The N Files: Anhydrous Unimpressed by the Spreads

April 1, 2014 06:12 AM
 

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Urea -- The regional average price firmed $4.88 on the week to $539.68/st. That's after adding just over $2.00 last week suggesting an incremental slowdown in the price recovery. Not much is happening here at the moment, and purchases north of Kansas have been slow. The potential for a late spring planting season has buyers in standdown, and supplies are largely in place, and balanced.

Looking ahead, China has said it will offer tariff reductions again this summer and that will keep pressure on retail prices through the late summer. Given the discount anhydrous holds to urea, many will see NH3 as an attractive alternative, and if end-users pass on urea, we could easily find ourselves oversupplied. That would point to favorable prices in the fall. If we can catch a break then, we will fill at least a portion for spring 2015.

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UAN solutions -- This week, 32% firmed $1.91 by the ton while 28% softened for the second consecutive week. We are currently 80% filled here with 20% still holding out for a spring price break, but even in that event, our expectation is for spring prices above today's. This is a weather fertilizer. Many are speculating about spring application conditions and the extent to which weather difficulties will delay anhydrous applications. If that scenario plays out, UAN will get the nod, and prices will likely run up as demand for sidedress increases late in the application season.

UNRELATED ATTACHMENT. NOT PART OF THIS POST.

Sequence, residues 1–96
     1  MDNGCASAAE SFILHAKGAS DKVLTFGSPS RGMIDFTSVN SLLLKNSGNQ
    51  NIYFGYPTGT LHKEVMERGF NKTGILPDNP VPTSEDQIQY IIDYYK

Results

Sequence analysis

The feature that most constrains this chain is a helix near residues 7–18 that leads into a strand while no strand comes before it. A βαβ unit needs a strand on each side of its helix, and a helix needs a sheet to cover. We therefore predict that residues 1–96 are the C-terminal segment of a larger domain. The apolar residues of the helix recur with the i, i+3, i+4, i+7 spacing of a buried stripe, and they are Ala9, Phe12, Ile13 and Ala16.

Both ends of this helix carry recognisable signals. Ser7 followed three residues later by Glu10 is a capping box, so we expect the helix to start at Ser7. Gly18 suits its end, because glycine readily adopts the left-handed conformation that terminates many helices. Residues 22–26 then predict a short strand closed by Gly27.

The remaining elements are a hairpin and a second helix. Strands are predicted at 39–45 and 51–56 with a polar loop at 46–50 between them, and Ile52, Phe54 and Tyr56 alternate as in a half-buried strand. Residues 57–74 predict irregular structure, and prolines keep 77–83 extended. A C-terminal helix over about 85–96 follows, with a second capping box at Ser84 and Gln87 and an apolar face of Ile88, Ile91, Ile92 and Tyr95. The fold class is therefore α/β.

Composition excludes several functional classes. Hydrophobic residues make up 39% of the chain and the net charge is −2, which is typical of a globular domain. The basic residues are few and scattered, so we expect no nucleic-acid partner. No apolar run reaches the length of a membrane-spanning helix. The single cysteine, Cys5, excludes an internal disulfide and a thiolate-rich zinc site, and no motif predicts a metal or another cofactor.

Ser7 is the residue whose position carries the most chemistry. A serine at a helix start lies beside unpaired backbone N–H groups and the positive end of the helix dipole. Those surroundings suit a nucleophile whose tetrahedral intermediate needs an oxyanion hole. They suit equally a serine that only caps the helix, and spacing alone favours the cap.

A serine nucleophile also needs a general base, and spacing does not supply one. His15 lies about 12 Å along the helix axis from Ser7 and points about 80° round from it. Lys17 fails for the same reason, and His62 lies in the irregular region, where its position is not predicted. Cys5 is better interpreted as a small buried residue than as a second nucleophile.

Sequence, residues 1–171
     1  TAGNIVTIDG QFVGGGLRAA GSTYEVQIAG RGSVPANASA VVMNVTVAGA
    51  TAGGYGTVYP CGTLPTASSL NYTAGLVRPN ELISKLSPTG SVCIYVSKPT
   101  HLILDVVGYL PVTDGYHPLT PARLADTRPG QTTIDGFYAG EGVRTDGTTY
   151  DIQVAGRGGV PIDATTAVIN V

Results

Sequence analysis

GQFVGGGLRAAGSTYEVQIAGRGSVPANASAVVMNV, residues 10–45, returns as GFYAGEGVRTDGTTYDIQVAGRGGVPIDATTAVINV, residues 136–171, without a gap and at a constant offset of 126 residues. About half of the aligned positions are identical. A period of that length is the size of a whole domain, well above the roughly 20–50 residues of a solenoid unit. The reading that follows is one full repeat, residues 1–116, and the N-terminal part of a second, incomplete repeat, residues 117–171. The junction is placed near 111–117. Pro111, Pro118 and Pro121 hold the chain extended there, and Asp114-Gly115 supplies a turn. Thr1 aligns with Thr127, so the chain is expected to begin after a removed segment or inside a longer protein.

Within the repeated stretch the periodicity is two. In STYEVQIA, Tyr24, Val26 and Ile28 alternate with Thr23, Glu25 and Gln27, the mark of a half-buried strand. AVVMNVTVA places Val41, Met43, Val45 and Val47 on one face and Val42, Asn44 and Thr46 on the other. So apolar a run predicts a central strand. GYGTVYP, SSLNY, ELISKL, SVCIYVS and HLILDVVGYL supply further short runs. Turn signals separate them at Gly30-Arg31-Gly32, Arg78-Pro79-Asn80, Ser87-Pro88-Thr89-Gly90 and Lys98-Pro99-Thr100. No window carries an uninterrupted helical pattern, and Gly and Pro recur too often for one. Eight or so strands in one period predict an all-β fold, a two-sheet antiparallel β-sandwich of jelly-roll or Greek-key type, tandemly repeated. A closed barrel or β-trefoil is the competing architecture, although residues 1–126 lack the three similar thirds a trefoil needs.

Anhydrous demand will lend cues here and if we note a decline in NH3 movement late into the spring, we will cover our N risk for late applications by filling the remainder of our UAN for spring/summer.

Anhydrous -- Nh3 showed a little more strength this week adding $6.64 per ton. Industry watchers reported wholesale ammonia tenders at a dramatically higher price last week, but oversupply in some parts of the the Midwest may keep prices in check near-term. Picture1

We reported last week on a potential supply crunch and have not heard anything on it since. The trouble was supposed to have been in Missouri, but our survey finds MO anhydrous unchanged this week. Meanwhile, Iowa and Indiana NH3 are each up $20.00 by the ton and Wisconsin, Minnesota and North Dakota are up by $10.00/short ton.

The likely answer is that product has gotten to where it needs to be in Missouri and applications are underway. It could also be that MO dealers are hesitant to post a price on supply uncertainty. Either way, we expect upside risk to be excited as favorable weather conditions work their way northward.

By now we've got the December corn contract above $5.00 and if current corn prices prove sustainable, anhydrous would be silly not to capture the expected new-crop revenue bump. We filled the last of our anhydrous last week and are currently 100% filled for spring and summer.